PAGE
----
Factors predisposing to claims and compensations for patient injuries following total hip and knee arthroplastyJutta Järvelin, Unto Häkkinen, Gunnar Rosenqvist & Ville Remes
Background and purpose Factors associated with malpractice claims are poorly understood. Knowledge of these factors could help to improve patient safety. We investigated whether patient characteristics and hospital volume affect claims and compensations following total hip arthroplasty (THA) and knee arthroplasty (TKA) in a no-fault scheme.
Methods A retrospective registry-based study was done on 16,646 THAs and 17,535 TKAs performed in Finland from 1998 through 2003. First, the association between patient characteristics—e.g., age, sex, comorbidity, prosthesis type—and annual hospital volume with filing of a claim was analyzed by logistic regression. Then, multinomial logistic regression was applied to analyze the association between these same factors and receipt of compensation.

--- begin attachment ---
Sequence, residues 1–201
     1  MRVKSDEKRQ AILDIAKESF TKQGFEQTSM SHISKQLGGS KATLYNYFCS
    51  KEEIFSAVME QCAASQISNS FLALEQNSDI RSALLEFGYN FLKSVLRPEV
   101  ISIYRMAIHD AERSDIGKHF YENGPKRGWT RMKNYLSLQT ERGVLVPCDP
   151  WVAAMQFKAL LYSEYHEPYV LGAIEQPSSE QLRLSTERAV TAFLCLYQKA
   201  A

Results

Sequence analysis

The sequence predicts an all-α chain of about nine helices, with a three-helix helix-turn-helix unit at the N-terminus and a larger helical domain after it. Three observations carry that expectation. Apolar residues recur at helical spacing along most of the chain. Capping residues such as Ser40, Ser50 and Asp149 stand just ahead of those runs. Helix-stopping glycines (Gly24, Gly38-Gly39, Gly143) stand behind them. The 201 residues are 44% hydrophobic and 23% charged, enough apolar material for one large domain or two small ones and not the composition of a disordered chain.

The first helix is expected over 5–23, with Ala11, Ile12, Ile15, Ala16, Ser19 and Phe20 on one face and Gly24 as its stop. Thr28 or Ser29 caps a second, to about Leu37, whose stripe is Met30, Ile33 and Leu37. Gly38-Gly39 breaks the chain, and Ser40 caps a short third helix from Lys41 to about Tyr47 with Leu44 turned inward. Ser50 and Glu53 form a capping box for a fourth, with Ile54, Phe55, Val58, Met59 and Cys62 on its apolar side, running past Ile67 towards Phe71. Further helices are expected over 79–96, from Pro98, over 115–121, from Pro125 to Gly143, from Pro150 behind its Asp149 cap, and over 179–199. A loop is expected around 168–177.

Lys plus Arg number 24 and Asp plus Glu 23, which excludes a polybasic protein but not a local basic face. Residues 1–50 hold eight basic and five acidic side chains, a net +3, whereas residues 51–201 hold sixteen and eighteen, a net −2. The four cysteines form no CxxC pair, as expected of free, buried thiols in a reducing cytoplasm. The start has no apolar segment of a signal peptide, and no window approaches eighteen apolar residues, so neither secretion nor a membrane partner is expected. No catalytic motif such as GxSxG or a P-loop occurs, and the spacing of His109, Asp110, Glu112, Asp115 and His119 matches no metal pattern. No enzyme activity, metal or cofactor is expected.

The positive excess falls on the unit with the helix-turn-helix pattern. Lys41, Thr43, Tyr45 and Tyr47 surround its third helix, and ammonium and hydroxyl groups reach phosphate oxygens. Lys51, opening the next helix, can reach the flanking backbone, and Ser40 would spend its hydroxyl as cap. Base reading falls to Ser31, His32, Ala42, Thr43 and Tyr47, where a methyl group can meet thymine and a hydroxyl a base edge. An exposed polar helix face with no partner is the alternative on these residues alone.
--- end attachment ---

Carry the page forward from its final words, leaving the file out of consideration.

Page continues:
Results For THA and TKA, patients over 65 years of age were less likely to file a claim than patients under 65 (OR = 0.57, 95% CI: 0.46–0.72 and OR = 0.65, CI: 0.53–0.80, respectively), while patients with increased comorbidity were more likely to file a claim (OR = 1.17, CI: 1.04–1.31 and OR = 1.14, CI: 1.03-1.26, respectively). Following THA, male sex and cemented prosthesis reduced the odds of a claim (OR = 0.74, CI: 0.60–0.91 and OR = 0.77, CI: 0.60–0.99, respectively) and volume of between 200 and 300 operations increased the odds of a claim (OR = 1.29, CI: 1.01–1.64). Following TKA, a volume of over 300 operations reduced the probability of compensation for certain injury types (RRR = 0.24, CI: 0.08–0.72).
Interpretation Centralization of TKA to hospitals with higher volume may reduce the rate of compensable patient injuries. Furthermore, more attention should be paid to equal opportunities for patients to file a claim and obtain compensation.